Marsai Martin, Byron Allen Call for Industry Accountability at Annual Culture Creators Innovators & Leaders Awards

Jerritt Clark/Getty Images for Culture Creators
Marsai Martin

“It’s very important that we understand that there’s power behind our community ... we could do so much more,” said Culture Creators founder Joi Brown.

MVPs, studio executives and prominent Hollywood figures gathered Saturday to celebrate and appreciate black culture at the fourth annual Culture Creators Innovators and Leaders Awards Brunch at the Beverly Hilton. 

The afternoon affair, sponsored by Morgan Stanley, recognized a wide array of influential figures hailing from various industries including technology, music and entertainment for their contributions to the innovation of black culture. Among the honorees were Little actress and executive producer Marsai Martin, Entertainment Studios CEO Byron Allen and Will Packer Productions president James Lopez. 

"The Culture Creators event serves a very special role, as it’s to help others appreciate where black culture has come from and where it’s going," Allen told The Hollywood Reporter. The exec, who in 2015 filed a $20 billion lawsuit against Comcast for racial discrimination, received the afternoon’s Icon Award and said appreciation is necessary to continue making changes in all kinds of industries. 

"I don’t think we have enough appreciation in this world. So I think it’s important to recognize the people who are making those changes, who are pushing the boundaries, really helping to share the culture," he said. 

Allen, who said "there’s quite a bit of pride" being honored with the organization’s icon award, spoke about how the Comcast dispute is one that concerns economic inclusion for African-Americans. He also stated that it’s up to "good folks" to hold corporations like Comcast accountable.

"'We the people' — those are three very powerful words … [they] can always affect change and we simply have to demand better, because we deserve more," said Allen. "Others will stand up and speak out, and that is important."

Receiving the afternoon’s innovator of the year was Martin, who told THR about how she thinks her young age has helped her make moves in the industry and become a culture creator. Martin, 14, said she owes her creativity and innovation to her age.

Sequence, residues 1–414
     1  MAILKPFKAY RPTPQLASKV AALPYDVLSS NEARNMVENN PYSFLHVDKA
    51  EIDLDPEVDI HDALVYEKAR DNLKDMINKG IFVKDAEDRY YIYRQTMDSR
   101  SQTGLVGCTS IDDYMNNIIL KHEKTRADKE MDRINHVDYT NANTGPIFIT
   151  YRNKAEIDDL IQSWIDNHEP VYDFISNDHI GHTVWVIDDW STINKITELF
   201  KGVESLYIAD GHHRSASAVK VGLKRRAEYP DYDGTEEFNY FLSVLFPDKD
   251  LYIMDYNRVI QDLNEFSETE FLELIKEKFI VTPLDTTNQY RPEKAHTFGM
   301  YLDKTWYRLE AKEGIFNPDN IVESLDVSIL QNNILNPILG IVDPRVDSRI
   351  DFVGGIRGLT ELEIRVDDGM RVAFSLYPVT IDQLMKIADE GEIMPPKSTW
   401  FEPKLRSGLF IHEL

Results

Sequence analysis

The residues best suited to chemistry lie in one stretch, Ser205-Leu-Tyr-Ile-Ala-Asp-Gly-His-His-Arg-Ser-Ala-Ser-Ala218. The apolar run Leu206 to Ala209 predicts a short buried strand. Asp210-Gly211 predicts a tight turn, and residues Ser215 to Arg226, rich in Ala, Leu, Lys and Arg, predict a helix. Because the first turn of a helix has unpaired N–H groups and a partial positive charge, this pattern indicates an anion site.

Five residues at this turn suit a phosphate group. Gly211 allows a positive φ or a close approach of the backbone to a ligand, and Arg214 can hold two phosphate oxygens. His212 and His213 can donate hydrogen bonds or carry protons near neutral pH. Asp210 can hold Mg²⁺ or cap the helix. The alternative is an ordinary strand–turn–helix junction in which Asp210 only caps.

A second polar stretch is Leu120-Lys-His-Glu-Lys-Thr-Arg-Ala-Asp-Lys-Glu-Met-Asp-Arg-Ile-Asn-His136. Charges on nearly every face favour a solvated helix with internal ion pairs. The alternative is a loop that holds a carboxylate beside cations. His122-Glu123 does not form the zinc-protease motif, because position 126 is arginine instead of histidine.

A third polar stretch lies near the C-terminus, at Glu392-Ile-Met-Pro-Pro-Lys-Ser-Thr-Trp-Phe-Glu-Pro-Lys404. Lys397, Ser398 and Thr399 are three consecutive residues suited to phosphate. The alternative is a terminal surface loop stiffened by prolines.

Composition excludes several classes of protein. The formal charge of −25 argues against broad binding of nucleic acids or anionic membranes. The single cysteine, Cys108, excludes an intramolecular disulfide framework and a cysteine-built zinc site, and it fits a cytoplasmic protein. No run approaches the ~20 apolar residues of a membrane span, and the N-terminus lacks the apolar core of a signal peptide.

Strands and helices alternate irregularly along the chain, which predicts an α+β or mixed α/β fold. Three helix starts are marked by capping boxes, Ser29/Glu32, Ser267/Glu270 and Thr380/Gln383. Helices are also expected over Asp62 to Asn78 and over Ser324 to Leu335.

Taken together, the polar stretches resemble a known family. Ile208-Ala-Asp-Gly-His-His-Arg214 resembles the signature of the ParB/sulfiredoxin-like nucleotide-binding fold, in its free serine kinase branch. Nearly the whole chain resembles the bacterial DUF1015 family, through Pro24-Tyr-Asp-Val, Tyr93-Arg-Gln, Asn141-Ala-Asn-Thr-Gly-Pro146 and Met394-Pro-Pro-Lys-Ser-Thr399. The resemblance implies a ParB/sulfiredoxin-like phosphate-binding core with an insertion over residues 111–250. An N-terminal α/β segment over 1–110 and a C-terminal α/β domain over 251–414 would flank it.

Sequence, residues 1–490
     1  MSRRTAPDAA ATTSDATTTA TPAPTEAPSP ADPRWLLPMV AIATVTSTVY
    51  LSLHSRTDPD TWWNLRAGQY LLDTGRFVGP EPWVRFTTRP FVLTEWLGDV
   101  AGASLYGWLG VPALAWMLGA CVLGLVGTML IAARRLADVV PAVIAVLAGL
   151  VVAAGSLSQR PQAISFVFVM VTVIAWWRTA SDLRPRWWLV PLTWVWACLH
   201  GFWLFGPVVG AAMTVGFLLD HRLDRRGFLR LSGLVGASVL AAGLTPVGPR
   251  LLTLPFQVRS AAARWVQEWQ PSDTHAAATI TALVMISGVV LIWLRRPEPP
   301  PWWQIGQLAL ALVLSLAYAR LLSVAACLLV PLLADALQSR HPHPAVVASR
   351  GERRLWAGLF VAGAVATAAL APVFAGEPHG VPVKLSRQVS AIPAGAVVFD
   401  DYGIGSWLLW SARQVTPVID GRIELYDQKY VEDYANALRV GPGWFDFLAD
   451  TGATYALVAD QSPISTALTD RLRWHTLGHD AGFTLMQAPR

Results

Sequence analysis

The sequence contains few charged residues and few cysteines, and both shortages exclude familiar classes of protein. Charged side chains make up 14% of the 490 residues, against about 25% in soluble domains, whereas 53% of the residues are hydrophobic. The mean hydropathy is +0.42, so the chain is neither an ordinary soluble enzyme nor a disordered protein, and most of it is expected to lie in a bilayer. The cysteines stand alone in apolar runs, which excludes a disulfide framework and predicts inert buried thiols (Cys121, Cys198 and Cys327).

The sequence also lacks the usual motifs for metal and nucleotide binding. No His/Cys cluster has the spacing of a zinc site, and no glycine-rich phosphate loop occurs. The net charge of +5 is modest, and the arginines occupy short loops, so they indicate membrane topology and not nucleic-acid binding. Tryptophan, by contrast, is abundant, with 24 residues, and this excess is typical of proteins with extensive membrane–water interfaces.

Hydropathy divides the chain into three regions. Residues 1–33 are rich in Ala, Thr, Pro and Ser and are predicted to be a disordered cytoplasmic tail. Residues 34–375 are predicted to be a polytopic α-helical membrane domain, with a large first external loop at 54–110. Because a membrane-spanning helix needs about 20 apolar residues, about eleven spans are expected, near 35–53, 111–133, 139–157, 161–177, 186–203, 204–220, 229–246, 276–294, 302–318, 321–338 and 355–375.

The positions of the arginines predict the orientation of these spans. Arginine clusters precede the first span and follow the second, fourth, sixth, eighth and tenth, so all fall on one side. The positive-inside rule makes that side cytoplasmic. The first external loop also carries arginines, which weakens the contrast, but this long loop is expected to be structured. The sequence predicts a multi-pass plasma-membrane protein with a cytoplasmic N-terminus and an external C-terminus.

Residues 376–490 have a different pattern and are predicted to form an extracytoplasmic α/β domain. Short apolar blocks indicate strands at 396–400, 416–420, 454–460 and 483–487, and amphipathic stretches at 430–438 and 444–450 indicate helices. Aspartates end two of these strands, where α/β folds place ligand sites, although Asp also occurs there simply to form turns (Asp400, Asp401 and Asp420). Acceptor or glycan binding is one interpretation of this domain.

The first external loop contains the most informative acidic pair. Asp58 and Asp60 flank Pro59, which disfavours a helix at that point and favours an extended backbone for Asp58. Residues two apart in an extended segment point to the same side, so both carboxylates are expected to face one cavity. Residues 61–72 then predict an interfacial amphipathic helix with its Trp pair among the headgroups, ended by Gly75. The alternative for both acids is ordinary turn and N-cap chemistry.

"I feel like when you’re a kid, you have imagination, you don’t have to worry about taxes or anything like that," she said. "But when you’re an adult, most of those imaginations and dreams tone down because you have so much to focus on."

Martin, after receiving her award, dedicated the honor to "all the young girls of color who feel like they don’t belong or feel that they’re not seen" and said that she hopes to inspire them. 

Celebrating Martin for her talents and achievements was Little co-star Issa Rae, who shared her praise for the upcoming Hollywood executive in a video message. The Insecure star said that both young people and "old people” like her, as well as Regina Hall, can continue to find inspiration in Martin.  

Another honoree hoping to continue to make a difference in the industry was Lopez, who said that creating impactful and positive culture comes from best practices, both on and off camera. He also said that the terms "diversity," "inclusion" and "representation" may be buzzwords now, but don’t have any meaning without action to back them up. 

"It’s about holding people accountable, hiring inclusivity riders, making sure that cast and crew, if it calls for it, reflects the nation we live in, the world we live in," Lopez told THR

Other honorees at the fourth annual Culture Creators event included Blavity founder and CEO Morgan DeBaun, tech wiz Iddis Sandu, Gucci vp brand and culture engagement Antoine Phillips, artist Simphiwe Ndzube and more. 

After a couple of hundred guests finished feasting on items from the brunch buffet, Culture Creators founder Joi Brown closed the afternoon by thanking those who attended as well as nodding to the importance of uplifting and community building among fellow culture creators. 

"It’s very important that we understand that there’s power behind our community ... we could do so much more," she said.